Samir Kleif’s column regarding prostate-specific antigen-based testing for prostate cancer (“Know benefits, risks, of prostate cancer testing,” Sept. 9) is disastrously inaccurate.
He states that the U.S. Preventive Services Task Force provided evidence-based recommendations against the PSA test, concluding that the potential benefit does not outweigh the expected harms. Unfortunately, he disregards the fact that the USPSTF relied on the profoundly flawed Prostate, Lung, Colorectal and Ovarian Cancer Screening Trial study – more than 50 percent of the control group received screening during the study!
The largest screening study, the European Randomized Study of Screening for Prostate Cancer, demonstrated a 38 percent survival advantage in screened patients followed more than 10 years, and a recent study published in the American Cancer Society journal Cancer showed that without PSA screening, the incidence of advanced (thereby incurable) prostate cancer would have been 300 percent higher than actually observed.
Both the USPSTF and Dr. Khleif ignored reams of epidemiological data from this country. In the past 20 years, death rates from prostate cancer have declined 44 percent, although the overall incidence of cancer has been stable.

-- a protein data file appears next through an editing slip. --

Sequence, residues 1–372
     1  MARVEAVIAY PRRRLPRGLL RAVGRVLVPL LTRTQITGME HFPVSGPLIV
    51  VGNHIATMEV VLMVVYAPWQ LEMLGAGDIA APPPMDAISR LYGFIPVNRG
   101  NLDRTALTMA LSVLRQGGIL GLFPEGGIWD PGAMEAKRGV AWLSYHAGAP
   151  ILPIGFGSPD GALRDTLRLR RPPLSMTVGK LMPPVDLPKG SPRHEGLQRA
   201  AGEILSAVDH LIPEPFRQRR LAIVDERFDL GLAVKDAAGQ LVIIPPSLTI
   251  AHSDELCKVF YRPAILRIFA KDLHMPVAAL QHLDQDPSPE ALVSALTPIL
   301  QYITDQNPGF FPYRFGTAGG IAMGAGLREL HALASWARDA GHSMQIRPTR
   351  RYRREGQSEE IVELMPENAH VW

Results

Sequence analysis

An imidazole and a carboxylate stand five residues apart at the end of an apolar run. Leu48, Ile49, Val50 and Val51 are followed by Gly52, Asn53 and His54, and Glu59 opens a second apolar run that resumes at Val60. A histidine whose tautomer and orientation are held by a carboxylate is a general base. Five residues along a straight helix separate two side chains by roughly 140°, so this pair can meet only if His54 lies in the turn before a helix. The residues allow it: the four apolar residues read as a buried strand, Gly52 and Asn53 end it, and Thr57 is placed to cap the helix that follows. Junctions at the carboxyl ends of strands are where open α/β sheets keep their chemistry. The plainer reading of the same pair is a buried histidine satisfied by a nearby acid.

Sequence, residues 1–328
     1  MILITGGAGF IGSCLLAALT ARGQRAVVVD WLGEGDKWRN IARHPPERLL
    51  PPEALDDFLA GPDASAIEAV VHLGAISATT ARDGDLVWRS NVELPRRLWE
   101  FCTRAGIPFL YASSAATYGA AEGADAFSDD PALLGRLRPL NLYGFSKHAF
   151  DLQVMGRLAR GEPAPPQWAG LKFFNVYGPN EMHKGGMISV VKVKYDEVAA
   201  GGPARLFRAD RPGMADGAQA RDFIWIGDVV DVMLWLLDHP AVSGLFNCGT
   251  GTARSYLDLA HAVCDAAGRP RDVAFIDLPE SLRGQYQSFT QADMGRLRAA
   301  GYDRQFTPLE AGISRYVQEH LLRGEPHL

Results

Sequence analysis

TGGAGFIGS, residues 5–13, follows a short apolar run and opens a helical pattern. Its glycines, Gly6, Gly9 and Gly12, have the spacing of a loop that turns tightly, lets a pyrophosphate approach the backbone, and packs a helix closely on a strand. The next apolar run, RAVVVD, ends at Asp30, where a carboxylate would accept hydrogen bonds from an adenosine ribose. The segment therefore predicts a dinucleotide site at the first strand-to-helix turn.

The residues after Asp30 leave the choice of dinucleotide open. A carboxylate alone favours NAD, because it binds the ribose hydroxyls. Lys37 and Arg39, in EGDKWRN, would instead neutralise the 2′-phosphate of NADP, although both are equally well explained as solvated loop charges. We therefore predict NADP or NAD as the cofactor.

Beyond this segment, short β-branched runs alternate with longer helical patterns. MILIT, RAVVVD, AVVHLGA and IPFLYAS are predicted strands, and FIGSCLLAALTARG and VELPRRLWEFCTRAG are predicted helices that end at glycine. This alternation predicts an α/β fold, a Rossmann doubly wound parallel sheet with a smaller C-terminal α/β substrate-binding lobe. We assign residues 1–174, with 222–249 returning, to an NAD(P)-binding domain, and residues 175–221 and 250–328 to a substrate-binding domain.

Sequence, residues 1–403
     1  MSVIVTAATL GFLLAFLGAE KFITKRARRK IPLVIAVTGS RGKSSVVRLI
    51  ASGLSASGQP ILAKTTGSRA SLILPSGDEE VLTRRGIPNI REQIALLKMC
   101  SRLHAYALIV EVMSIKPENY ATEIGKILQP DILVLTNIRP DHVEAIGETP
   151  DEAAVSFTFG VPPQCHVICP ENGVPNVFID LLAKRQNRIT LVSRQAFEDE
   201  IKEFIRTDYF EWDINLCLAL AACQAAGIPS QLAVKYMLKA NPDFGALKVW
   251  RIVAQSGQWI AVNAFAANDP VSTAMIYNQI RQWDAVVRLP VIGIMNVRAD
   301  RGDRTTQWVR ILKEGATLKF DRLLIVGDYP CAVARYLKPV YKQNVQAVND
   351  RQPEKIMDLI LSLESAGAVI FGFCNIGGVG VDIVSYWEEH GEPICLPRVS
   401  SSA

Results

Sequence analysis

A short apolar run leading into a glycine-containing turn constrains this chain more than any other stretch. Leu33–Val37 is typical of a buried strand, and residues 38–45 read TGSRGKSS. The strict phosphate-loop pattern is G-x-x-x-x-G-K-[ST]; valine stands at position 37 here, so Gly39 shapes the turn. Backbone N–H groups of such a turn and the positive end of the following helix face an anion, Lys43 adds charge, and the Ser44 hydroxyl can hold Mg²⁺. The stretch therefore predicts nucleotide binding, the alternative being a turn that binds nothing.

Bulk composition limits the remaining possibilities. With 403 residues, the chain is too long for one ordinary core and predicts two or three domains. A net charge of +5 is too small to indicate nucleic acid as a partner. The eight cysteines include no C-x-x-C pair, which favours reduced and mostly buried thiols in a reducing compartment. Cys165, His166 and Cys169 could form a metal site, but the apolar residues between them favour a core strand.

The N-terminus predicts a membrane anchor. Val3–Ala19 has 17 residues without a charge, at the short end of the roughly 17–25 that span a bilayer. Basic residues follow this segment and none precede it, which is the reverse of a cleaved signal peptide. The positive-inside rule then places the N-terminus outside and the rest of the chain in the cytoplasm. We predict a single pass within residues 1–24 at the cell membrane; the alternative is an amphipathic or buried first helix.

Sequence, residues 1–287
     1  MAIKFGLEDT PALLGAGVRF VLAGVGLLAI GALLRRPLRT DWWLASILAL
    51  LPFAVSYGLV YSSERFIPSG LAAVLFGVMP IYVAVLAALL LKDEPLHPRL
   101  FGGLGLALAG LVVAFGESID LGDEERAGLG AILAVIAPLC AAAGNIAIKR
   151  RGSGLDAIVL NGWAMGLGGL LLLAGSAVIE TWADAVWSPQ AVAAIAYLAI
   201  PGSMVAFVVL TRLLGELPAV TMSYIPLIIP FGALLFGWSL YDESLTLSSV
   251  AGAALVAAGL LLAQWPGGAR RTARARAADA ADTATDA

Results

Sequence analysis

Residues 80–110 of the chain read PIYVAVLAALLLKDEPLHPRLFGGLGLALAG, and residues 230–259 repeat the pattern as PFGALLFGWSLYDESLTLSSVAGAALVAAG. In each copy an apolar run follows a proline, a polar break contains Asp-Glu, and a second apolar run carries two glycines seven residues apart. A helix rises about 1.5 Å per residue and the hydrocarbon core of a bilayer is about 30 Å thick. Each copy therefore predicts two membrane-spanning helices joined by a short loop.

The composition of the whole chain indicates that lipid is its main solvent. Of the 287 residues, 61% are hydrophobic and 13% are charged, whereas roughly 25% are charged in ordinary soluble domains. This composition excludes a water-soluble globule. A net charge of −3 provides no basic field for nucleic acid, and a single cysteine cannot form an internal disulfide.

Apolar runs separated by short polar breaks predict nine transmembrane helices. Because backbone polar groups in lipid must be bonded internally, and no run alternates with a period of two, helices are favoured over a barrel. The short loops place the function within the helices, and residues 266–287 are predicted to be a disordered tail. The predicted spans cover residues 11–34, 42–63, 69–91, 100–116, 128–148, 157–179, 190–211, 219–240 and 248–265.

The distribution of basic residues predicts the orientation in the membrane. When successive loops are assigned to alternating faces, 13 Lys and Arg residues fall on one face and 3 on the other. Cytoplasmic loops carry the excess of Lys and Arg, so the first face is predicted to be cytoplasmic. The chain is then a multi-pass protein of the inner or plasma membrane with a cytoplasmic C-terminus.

Before screening, 25 percent of men who were diagnosed with prostate cancer already had advanced, inescapably fatal, disease. With screening, that number has dropped by 75 percent. In the PSA screening era, 10-year survival is more than 98 percent, up from 53 percent before widespread screening. More prostate cancers are not being detected. We are detecting cancer earlier, and saving lives.
Dr. Khleif states that screening may cause pain, health problems, anxiety and worry. He confuses risks of screening (which are negligible) with treatment. But screening is not treatment; it is not even diagnosis. To deny men the right to basic information that they can then use to make their own health-care decisions is reprehensible.
This recommendation by the USPSTF was so egregious that something rarer than a hole-in-one at the Masters Tournament happened – bipartisan legislation was introduced by Republican U.S. Rep. Marsha Blackburn of Tennessee and Democratic U.S. Rep. John Barrow of Georgia, calling for significant changes to the USPSTF and the process by which the group makes formal recommendations regarding preventive-care services.
The column left out the most lethal fact about prostate cancer: When symptoms appear, there is no cure.
W. Price Dunaway
(The writer is chief operating officer of the multi-specialty physicians group Integrated Medical Professionals.)